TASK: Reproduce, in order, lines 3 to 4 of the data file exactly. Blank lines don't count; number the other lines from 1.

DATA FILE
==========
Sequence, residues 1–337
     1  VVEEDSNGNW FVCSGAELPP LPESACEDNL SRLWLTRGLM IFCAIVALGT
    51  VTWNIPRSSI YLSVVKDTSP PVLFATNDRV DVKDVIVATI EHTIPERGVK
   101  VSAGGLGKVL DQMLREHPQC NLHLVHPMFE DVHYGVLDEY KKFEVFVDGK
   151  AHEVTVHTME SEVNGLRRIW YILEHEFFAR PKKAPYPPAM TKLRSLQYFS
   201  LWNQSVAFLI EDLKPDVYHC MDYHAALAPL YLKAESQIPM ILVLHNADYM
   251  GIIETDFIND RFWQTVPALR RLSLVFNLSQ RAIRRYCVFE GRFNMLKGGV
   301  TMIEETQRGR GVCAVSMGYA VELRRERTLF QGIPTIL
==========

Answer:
    51  VTWNIPRSSI YLSVVKDTSP PVLFATNDRV DVKDVIVATI EHTIPERGVK
   101  VSAGGLGKVL DQMLREHPQC NLHLVHPMFE DVHYGVLDEY KKFEVFVDGK